• Robert Birnbaum

Let's Play Two...Part I

Updated: Nov 5, 2018


Copyright Norman Rockwell

In a hundred years, if there is still real, unmodified green grass and breathable air and an ionosphere to mitigate dangerous solar rays, baseball will still be played pretty much as it has been since the mid 19th century. Which I don’t think can be said about football. The cascading evidence of the serious health risks derived from playing that sport at a high level makes it likely that at some point the plantation owners of the organization known as the National Football League will realize the jeopardy their brand is in. Having worked so hard to convince the nation that the NFL is America’s Game and, of course, reaped inordinate financial reward ,I predict that as artificial intelligence and robotics are perfected, the NFL ownership cabal and what ever lackey is the commissioner at the time, will have androids (aka ‘a robot with a human appearance).playing the game




Anyway, this year baseball’s fourth season (Season 1 and 2 are pre and post all=star spectacle, # 3 is the post season), commonly know as the Hot Stove League which normally involves much inter team horse trading and organizational reshuffling was suspiciously inactive. Which led to an inordinate amount of grousing and additionally whispers of owner collision to tamp down free agent salaries... That and the silly attempts to accelerate the pace of play and the ongoing issue of the Cleveland Indians’s disingenuous stand on their controversial logo/mascot Chief Wahoo*. The team has disassociated itself from the longstanding gross caricature of a native American, removing it from their uniforms and and ball park signage . The thing is they still sell hats and paraphernalia on a number of websites.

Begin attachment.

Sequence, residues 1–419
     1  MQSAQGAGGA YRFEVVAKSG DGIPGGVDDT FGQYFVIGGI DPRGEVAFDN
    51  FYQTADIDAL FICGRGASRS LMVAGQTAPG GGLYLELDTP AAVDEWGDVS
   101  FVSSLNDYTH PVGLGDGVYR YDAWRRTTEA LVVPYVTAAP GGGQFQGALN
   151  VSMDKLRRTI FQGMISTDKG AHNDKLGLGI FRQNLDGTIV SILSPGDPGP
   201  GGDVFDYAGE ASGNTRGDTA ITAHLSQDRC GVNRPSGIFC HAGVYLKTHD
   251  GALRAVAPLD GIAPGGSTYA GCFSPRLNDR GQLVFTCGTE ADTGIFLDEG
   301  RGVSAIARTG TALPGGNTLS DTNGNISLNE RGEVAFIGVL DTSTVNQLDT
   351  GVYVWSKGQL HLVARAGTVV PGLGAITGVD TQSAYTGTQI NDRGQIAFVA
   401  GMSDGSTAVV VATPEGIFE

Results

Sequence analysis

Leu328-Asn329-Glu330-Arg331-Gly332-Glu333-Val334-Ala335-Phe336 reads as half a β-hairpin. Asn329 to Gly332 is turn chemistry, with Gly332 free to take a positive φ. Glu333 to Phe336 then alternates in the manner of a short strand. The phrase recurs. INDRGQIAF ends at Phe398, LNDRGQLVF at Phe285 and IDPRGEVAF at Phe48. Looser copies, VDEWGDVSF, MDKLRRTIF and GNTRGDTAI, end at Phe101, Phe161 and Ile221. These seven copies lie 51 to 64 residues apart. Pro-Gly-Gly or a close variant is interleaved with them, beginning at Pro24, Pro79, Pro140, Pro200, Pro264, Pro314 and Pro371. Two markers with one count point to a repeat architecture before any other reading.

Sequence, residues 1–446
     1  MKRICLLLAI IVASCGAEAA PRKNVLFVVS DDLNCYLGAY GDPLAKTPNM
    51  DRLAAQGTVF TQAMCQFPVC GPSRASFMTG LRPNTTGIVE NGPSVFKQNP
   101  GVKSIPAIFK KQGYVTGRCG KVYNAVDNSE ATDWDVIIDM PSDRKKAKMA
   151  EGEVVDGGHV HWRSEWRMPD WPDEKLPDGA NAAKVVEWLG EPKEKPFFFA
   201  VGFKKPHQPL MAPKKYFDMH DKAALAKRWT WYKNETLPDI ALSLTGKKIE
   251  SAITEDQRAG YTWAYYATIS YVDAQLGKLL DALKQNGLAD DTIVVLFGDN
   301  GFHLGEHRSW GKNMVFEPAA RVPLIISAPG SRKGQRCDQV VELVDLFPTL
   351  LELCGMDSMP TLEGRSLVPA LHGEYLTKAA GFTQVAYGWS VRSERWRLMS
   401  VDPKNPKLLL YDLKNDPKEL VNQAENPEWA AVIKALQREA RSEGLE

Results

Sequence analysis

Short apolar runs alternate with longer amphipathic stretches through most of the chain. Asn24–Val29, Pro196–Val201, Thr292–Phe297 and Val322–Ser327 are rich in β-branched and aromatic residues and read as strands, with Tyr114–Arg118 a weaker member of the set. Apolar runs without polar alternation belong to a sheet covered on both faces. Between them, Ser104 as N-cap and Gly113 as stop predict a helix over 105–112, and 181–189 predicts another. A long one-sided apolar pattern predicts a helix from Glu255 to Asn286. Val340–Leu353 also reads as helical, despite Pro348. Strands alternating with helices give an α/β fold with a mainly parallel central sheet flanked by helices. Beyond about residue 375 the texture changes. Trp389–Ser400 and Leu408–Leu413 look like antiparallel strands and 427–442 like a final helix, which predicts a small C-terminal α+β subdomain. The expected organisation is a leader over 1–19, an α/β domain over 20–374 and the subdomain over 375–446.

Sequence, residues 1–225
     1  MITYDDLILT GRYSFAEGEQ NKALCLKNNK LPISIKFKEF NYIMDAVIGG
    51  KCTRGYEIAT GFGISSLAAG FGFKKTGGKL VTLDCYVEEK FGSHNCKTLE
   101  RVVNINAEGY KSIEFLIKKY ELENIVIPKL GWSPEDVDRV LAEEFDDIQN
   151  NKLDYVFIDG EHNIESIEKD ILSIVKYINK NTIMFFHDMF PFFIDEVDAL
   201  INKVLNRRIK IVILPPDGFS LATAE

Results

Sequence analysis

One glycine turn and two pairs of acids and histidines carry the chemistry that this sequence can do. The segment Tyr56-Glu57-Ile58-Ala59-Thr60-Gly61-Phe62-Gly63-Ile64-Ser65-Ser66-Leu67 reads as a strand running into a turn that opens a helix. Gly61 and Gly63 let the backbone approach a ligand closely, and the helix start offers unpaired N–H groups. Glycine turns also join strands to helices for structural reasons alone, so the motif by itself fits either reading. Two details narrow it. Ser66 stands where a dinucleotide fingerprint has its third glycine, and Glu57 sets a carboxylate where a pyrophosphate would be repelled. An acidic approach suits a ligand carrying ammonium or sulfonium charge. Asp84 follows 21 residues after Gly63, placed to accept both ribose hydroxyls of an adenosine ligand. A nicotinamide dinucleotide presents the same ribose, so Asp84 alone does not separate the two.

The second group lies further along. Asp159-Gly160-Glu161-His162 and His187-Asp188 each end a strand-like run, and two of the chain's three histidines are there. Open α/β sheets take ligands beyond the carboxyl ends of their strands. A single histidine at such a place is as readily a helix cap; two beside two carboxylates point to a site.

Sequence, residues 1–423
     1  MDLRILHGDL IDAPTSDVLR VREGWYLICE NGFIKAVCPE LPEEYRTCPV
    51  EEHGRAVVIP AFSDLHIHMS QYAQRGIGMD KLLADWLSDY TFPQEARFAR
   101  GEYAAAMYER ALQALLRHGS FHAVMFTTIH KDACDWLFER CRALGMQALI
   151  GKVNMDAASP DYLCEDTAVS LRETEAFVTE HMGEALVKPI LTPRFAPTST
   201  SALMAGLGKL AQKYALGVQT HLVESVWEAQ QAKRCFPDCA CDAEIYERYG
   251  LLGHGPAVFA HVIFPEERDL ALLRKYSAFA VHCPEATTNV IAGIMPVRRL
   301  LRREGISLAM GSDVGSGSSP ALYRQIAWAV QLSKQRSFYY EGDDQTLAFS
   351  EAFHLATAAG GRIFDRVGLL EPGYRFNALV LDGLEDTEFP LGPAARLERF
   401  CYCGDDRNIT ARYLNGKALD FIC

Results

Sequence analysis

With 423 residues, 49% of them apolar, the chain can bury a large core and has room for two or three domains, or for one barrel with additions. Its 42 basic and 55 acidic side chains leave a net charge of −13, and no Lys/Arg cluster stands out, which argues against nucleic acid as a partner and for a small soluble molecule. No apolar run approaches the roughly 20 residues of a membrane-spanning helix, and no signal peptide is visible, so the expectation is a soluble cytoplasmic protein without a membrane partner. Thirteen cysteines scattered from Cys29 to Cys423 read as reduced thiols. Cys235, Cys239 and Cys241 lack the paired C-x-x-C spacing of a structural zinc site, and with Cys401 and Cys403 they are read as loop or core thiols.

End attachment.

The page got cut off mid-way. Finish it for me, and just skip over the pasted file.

The Cleveland Indians mascot, Chief Wahoo




Culturally, the once and future national pastime, does provide a lordly share of good sports writing and every spring as the grass grows and the sun shines, I spend a little time paying attention to the newest crop of baseball tomes, annotating publisher's notes










A Season in the Sun: The Rise of Mickey Mantle by Randy Roberts & Johnny Smith


"Mickey Mantle was the ideal batter for the atomic age, capable of hitting a baseball harder and farther than any other player in history. He was also the perfect idol for postwar America, a wholesome hero from the heartland.

Randy Roberts and Johnny Smith recount the defining moment of Mantle's legendary career: 1956, when he overcame a host of injuries and critics to become the most celebrated athlete of his time. Taking us from the action on the diamond to Mantle's off-the-field exploits, Roberts and Smith depict Mantle not as an ideal role model or a bitter alcoholic, but a complex man whose faults were smoothed over by sportswriters eager to keep the truth about sports heroes at bay. "






Tom Yawkey: Patriarch of the Boston Red Sox by Bill Nowlin


"Few people have influenced a team as much as did Tom Yawkey (1903–76) as owner of the Boston Red Sox. After purchasing the Red Sox for $1.2 million in 1932, Yawkey poured millions into building a better team and making the franchise relevant again.